Lens quality control

Started Sep 24, 2013 | Discussions thread
parallaxproblem
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Re: Sample variation is not that big a deal
In reply to ProfHankD, Sep 25, 2013

ProfHankD wrote:

parallaxproblem wrote:

Howver I think there is another factor at play here: offshoring ... Take a product that has been built in an established factory with a history of high-quality production and a workforce that takes pride in its activity, and move it to a developing nation where you recruit from scratch the cheapest workforce possible (why move if it isn't to pay the least salaries possible?) and the quality of output will simply *not* be the same whatever processes you put in place.

I'm not scared by this practice -- because when it doesn't work, which I believe is the norm,

I'm very glad to see somebody in academia accepting this. The compliance (and in a few cases complicity - mentioning no names, like HBS) of some sections of academia in the more absurd aspects of contemporary business and finance behaviour is really quite disgraceful

it is almost always quickly stopped. I've seen a lot of companies (including a local biggie: Lexmark) send all sorts of engineering and production work to other countries in search of cheaper labor, but most of them have quietly pulled the operations back after a year or two.

I've heard of this happening in other sectors but I'm not sure this happens with lenses - Pentax had a disastrous time with their outsourcing to Vietnam: they closed their japanese plant and their japanese-built lenses basically 'ran out' (even 'ordinary' 50 and 35mm lenses) whilst production issues with their Vietnamese plant meant there were no replacements or proper volumes of stock in the supply chain for several years (second-hand Japanese-built lenses were being sold on Ebay for much more than new price because it was impossible to source them new, and stock arriving in B&H was being sold-out within hours!). Alll of which coincided with the DSLR boom years and basically cost Pentax the chance to get proper penetration into the DSLR market and then followed the three subsequent buyouts and takeovers of Pentax ending with it being absorbed into Ricoh. However even now there is no suggestion that production will be moved back to Japan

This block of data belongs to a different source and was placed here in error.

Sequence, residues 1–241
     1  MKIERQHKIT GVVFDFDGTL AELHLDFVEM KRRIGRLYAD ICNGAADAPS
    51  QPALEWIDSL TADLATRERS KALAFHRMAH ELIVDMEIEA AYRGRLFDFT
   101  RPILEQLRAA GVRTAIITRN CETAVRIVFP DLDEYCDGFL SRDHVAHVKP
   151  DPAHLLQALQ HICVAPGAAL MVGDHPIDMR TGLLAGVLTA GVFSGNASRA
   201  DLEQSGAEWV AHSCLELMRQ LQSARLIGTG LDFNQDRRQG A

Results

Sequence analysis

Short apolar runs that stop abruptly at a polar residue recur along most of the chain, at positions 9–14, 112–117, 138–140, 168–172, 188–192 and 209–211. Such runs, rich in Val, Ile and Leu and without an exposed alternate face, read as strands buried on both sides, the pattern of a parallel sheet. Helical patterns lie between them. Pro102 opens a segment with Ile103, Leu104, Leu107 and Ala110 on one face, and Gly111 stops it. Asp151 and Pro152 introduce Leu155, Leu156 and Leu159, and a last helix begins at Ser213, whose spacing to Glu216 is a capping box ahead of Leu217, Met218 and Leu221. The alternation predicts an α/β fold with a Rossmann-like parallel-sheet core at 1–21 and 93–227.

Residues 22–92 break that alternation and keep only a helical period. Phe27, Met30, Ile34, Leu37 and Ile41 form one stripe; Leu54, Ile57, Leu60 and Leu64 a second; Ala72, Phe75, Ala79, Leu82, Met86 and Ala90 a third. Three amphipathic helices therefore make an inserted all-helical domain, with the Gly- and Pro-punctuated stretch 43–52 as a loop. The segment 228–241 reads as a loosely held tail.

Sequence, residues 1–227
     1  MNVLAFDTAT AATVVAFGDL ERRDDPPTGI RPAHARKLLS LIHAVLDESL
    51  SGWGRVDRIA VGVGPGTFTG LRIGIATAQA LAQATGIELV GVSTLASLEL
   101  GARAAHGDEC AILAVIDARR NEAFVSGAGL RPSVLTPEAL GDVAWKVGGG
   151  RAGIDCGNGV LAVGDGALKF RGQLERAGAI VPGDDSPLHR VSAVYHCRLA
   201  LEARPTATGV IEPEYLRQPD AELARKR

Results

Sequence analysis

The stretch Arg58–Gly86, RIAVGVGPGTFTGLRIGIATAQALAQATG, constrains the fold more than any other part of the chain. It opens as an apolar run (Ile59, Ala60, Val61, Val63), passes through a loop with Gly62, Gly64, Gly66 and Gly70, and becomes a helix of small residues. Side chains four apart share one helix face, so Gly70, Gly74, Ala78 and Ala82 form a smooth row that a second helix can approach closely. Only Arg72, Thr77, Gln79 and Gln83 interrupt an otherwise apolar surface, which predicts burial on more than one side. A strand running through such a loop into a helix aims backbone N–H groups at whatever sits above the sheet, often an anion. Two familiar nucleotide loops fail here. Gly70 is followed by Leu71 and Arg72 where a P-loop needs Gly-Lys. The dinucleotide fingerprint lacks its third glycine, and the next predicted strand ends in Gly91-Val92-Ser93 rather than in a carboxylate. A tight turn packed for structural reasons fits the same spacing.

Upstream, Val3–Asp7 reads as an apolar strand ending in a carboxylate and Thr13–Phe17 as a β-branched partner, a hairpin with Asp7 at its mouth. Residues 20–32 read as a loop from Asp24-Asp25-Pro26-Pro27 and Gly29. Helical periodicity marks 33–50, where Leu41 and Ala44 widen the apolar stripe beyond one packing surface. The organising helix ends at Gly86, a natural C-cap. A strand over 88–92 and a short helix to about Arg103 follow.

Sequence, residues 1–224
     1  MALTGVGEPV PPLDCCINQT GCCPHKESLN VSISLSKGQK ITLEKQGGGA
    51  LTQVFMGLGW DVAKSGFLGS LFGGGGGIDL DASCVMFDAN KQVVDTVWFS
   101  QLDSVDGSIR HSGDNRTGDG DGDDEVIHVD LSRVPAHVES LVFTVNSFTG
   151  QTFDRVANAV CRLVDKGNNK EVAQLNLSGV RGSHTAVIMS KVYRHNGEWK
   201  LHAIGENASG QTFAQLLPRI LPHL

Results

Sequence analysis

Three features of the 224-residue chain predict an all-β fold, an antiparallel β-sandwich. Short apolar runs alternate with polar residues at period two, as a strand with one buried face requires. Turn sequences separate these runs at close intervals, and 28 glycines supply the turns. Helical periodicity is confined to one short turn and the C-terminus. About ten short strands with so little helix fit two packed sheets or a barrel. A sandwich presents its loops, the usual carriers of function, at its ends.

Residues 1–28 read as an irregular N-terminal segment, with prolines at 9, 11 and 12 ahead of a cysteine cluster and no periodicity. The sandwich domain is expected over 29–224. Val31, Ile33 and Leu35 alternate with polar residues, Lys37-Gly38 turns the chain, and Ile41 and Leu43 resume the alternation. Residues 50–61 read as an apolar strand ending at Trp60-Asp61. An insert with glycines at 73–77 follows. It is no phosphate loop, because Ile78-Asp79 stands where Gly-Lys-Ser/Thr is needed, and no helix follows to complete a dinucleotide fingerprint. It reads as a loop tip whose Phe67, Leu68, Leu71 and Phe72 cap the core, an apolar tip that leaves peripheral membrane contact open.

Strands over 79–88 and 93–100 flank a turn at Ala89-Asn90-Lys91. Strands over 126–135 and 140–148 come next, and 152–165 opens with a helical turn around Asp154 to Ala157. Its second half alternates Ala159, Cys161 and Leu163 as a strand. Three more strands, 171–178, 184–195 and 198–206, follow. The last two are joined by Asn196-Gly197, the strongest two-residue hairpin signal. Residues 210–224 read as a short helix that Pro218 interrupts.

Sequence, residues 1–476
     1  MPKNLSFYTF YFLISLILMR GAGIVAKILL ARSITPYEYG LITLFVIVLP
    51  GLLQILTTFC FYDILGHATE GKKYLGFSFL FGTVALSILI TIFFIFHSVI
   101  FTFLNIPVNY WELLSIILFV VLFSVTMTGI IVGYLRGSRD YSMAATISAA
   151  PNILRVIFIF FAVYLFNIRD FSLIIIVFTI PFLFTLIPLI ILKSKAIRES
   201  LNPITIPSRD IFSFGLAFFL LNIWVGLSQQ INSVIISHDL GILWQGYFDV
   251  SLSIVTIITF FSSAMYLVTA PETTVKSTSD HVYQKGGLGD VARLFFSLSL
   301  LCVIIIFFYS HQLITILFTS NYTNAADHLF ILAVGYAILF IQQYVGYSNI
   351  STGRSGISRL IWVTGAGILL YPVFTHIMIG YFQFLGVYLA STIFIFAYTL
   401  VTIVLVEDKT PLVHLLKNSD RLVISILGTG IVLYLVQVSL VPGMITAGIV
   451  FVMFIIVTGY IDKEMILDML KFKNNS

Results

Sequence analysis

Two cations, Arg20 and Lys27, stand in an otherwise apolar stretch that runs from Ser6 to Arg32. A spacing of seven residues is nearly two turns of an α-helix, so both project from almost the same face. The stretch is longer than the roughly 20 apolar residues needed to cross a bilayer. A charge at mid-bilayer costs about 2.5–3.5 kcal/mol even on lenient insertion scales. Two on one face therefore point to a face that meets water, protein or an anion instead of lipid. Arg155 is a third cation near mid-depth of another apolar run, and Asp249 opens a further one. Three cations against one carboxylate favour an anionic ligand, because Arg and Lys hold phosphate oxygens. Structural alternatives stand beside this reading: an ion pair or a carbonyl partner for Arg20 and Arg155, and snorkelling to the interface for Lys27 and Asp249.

The truth is that there's no free lunch. It costs a lot to develop the physical and personnel infrastructure in places where labor is cheap... usually enough to reverse any cost advantage. By definition, large, successful, companies don't get to make and continue mistakes that kill product quality for very long.

That said, things change as investments are made. When I was a kid, I remember my parents regularly sending aid money to help starving kids in South Korea. Well, South Korea isn't so poor now and some of the highest-quality high-tech stuff comes from that country -- especially things like LCD panels and DRAM memory parts. I've bought lots of camera parts (e.g., lens adapters) made in China and, to put it bluntly, they haven't been inferior to similar parts coming from Japan or Europe. Somebody has obviously invested a lot of money in China....

It's amusing - I have a Theta CD player which I bought in the late 1990's and which the box specifically prohibits from being exported to a number of countries, including China (and Vietnam and North Korea), because of the level of technology employed in the digital filtering in the DAC circuitry! I doubt the modern equivalent is produced anywhere other than in China